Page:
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by: Kurtis Spencer I


Kurtis Spencer I
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Class Notes
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This 46 page Class Notes was uploaded by Kurtis Spencer I on Wednesday September 9, 2015. The Class Notes belongs to LING 461 at University of Washington taught by Staff in Fall. Since its upload, it has received 45 views. For similar materials see /class/192181/ling-461-university-of-washington in Linguistics at University of Washington.


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Date Created: 09/09/15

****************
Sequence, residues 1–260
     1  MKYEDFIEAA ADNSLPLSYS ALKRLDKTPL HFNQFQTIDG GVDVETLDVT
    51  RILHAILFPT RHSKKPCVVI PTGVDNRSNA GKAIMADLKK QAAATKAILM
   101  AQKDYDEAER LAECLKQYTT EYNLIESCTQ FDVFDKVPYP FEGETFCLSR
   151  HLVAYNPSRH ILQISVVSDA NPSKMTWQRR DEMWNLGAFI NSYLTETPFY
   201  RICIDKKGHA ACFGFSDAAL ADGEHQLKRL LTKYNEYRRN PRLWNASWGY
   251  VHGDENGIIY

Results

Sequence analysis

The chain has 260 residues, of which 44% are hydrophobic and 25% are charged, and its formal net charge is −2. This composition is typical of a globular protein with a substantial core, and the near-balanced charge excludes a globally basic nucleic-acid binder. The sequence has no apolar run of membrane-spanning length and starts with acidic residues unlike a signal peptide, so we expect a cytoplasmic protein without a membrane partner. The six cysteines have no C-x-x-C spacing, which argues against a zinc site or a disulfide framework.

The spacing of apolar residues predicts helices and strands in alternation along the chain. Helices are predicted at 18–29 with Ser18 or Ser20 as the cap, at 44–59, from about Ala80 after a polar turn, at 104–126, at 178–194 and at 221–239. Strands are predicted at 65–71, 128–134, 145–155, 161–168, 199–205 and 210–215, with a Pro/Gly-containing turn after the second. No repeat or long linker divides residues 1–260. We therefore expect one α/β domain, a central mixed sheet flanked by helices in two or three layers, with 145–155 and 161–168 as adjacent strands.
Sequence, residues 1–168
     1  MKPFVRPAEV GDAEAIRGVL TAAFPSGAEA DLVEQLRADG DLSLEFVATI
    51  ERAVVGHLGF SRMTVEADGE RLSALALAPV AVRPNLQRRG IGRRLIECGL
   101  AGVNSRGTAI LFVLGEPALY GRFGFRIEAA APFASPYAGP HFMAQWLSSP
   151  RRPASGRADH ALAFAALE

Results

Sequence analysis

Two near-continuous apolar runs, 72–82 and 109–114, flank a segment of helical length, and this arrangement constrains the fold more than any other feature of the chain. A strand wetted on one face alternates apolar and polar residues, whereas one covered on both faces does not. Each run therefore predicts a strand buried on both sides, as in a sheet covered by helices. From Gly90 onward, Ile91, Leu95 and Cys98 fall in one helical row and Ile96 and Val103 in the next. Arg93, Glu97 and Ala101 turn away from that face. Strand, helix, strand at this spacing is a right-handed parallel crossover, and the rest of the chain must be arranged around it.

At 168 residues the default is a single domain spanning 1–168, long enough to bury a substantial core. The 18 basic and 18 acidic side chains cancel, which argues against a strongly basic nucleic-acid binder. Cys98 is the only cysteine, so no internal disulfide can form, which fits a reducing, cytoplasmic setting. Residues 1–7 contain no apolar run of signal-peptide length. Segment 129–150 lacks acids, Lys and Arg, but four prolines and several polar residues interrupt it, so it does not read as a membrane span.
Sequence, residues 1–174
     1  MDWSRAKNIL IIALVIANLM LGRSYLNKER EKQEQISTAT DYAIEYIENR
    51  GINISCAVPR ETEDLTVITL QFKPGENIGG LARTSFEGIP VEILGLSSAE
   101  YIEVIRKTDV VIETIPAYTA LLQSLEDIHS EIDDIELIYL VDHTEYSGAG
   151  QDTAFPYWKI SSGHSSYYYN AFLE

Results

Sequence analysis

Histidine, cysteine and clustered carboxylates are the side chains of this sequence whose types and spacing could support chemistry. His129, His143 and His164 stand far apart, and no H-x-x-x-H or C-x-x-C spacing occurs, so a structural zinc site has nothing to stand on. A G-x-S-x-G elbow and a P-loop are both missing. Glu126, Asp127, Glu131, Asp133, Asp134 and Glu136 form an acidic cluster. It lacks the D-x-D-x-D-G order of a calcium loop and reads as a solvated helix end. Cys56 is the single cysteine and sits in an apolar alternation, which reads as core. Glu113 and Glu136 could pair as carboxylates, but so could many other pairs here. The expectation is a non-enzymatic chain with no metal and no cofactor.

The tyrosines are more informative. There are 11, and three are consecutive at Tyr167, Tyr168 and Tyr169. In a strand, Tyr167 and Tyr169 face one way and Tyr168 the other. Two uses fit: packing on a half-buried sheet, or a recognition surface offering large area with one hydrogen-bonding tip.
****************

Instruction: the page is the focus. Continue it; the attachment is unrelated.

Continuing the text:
February 24 2004 Review Chapters 34 Overview 0 Return and go over HW 4 0 Outline of midterm a Review 0 Properties ofpmarkers trees 0 Features 0 Internal structure 0st Homework 4 Exercise VIII 17 0 Testing Whether 15 different verbs are auxiliaries and if so modals o All modals are auxiliaries so if a yerb s de nitely not an auxiliary there s no point in testing it for modal properties a The assignment especially as per the web site asked you to apply all relevant tests 3 for auxiliary status and 4 for modal status where relevant Homework 4 Exercise VIII 27 a The hard part was coming up with test sentences that applied the test fairly o Avoiding any confounding sources of ungrammaticality Sticking with the same verb H W 4 Exercise VIII 37 For the aux tests the important thing is to keep the complement of the verb the same Part of the point of the exercise was that there are homophonous verbs taking different kinds of complements with different AUX and M values For the modal tests one has to change the verb form still keeping the complement the same It is important to make sure that you re using plausible forms of the verb in plausible contexts The bare in nitival test can be applied by simply observing Whether or not the complements are bare in nitivals given the parameters of the problem H W4 Exercise VIII 4 7 0 What s wrong with this test a John is to leave for Paris tomorrow 0 Passes the tag test so 2 he H W4 Exercise VIII 5 7 What s wrong with this test John is working hard Passes the en test gt John isen working hard Recall that passing the en test for M involves not having 21 en form H W4 Exercise VIII 67 0 What s wrong with this test a John is working hard 0 Passes the en test gt John been working hard H W4 Exercise VIII 7 7 0 What s wrong with this test a John needs to think about it o Passes the negation test John needn t think about it H W4 Exercise X 13 0 Determine Whether the generalizations described could be captured by the feature system a Note that the feature system predicts that some groups of categories will function as natural classes while others won t n Thus the question is do those generalizations follow the predicted natural classes or cut across them H W4 Exercise X 23 0 Features V V N N A N P V a Natural classes N A P V N P A V a Not natural classes R A N V N P A H W4 Exercise X 33 Follows the natural classes In Russian only As and Ns bear case Doesn t follow In Italian Ns As and Vs in ect for case not Ps or ADVs Could say N or Vs in ect but that s somewhat less straightforward Also doesn t say anything about adverbs which either aren t covered by the feature system or are con ated with adjectives per Radford Midterm structure Open book open notes Covers chapters 3 and 4 directly Some of that may rely on your understanding of Chs l and 2 Similar overall structure to midterm l Properties of trees What are each of the following and Why are they relevant Precedence Dominance Ccommand No crossing branches Features How are features useful for creating more negrained categories What is an example How are features useful for talking about supercategories What is an example Internal structure OfNPS How do we distinguish structurally between a complement and an adjunct or attribute How do we distinguish empirically ie with tests between a complement and an adjunctattribute Why do attach the D with a separate rule How is optionality handled for determiners complements adjuncts and attributes Complementdaytime di erences Find an example 0 Semantic 0 Semantic Semantic 0 Semantic o Syntactic o Syntactic o Syntactic o Syntactic of each of properties predicated ambiguity cooccurrence restrictions recursiVityiterability ordering coordination extraposition preposingextraction More practice with trees 0 Draw trees for each of the following sentences 0 Find evidence for treating particular nominal dependents as complements or adjunctsarguments o The parking garage behind Padelford may be full 0 The cat on the mat by the door might sleep 0 Toby would hear the story about the grape Overview 0 Return and go over HW 4 0 Outline of midterm a Review 0 Properties ofpmarkers trees 0 Features 0 Internal structure 0st rtclass exercise if time Ch 4 Ex X 12 a the English king a the king who is English b the king of England 0 Structural analysis in a English is an attribute in b it is a complement a Pragmatic analysis always an attribute exact relationship underspeci ed Inelass exercise if time Ch 4 Ex X 22 0 Use the following examples and their possible interpretations to argue for one analysis over the other Why do philosophers always use examples involving a bald French king instead of a bald English one There s not much to choose between the present English and French kings except that the French king is less bald than the English one Henry VIII is the best know English Protestant king We ve had relatively few English septuagenarian kings Boedicea was the most famous English pagan queen Henry IV was the last English French king February 5 2004 Ch 3 7 38 More on categories Pseudoguest lecture Binding theory Overview Con ating categories Decomposing categories features Conference talk on binding theory and eyetracking Midterm 1 C on ating categories We saw that some further kinds of words particle subordinating conjunctions could be assimilated to one of our existing categories preposition Could any of the existing categories be con ated Adjectives and adverbs Adjectives and determiners Advectives o Similarities Semantic o Morphological o Syntactic Morphological Similarities Many adverbs are simply adjectivesly Examples Counterexamples o Adverbs don t have a morphological comparative form of their own instead use adjective base er Examples Counterexamples 0 Some adverbs and more generally some dialects systematically allow the same form in both adjective and adverb positions Examples Counterexamples Syntactic Similarities o Premodi ers examples a Complements examples Syntactic di erence So What s the difference between adjectives and adverbs gt Distribution That is the difference in form when it occurs correlates with a difference in position This is in fact a case of complementary distribution Similar to case of allomorphs of the English plural morpheme spelled s NB This complementary distribution means that tests like coordination or distribution are going to fail Costs and bene ts Ofadvective analysis 0 Which model is better Costs and bene ts Ofadvective analysis Reduce the number of categories by one Need to add a mechanism for adding the adverb in ection when it s required Need to add a mechanism for keeping forms that are strictly one or the other out of certain positions Examples How might we do that Adjectives and Determiners Di erences o Morphological Examples 0 Syntactic Examples 0 Semantic Examples Syntactic di erences 0 Both adjectives and determiners precede nouns The big dog slept o If both are present the determiner must go rst gt Big the dog slept Syntactic di erences 22 a Adjectives stack determiners mostly don t The big red ugly dog slept gt The this that dog slept The one dog slept o Adjectives can be used predicatively determiners can t The dog is red gt The dog is the Semantic di erences a Function 0 Adjectives describe properties of the nouns they modify a Determiners serve to pick out particular members of the class of things denoted by the noun 0 Selectional restrictions 0 Some adjectivesnoun combinations give pragmatic illformedness Examples 0 Some determinernoun are also illformed but these look more syntactic or semantic count v mass singular v plural C on ating categories summary a Adjectives and adverbs are similar a Adjectives and determiners are not a It may be worthwhile to con ate adjectives and adverbs into one category Decomposing categories 0 Categories provide a classi cation of words and phrases which in turn allows the statement of general syntactic rules 0 Could we write a grammar without categories a Is one classi cation enough le might we want to be able to talk sometimes about more or less negrained categories Features So far categories have been primitives From now on take categories to be bundles of features This allows us to talk about classes at varying degrees of generality and even crosscutting classes Underspeei cation Giving values for only some features de ning a larger class Proposed features a The features in this model are all binary That is they all have two possible values and a Two binary features can distinguish four categories N N V A V N P Proposed natural classes a What do each of these share N Nouns and adjectives V Verbs and adjectives N Verbs and prepositions V Nouns and prepositions Subcategories Auxiliary verbs Going the other way we can use features to de ne classes that are more negrained that what we started with Radford proposes to group modals and auxiliaries into the category verb but distinguish them with two new features tM and tAUX iAUX is only appropriate for elements that are already V N tM is only appropriate for elements that are already AUX Three kinds of verbs o V N AUX Nonauxiliary verbs eat sleep o V NAUX M Nonmodal auxiliaries be do have 0 V NAUXM Modals can will must Tests for subcategories 0f verbs AUX o Inversion Negation Tag questions M 0 Take bare VP complement Cannot appear after to or another modal 0 Have no past participle form Have no ing form Midlevel verb categories a What do all V N words have in common a What do all V N AUX words have in common a What do all V NAUX words have in common Other subcategories Adverbs adjectives Transitive intransitive ditransitive verbs Singularplural nouns Others Features and phrases 0 So far we Ve just looked at wordlevel categories a Radford suggests decomposing phraselevel categories in an analogous way VP NP for VP etc 0 Another possibility tPhrase Features Summary 0 What is the point of features a Will we actually see much more of them in this book a If categories are bundles of features what does it mean to claim that the set of categories is universal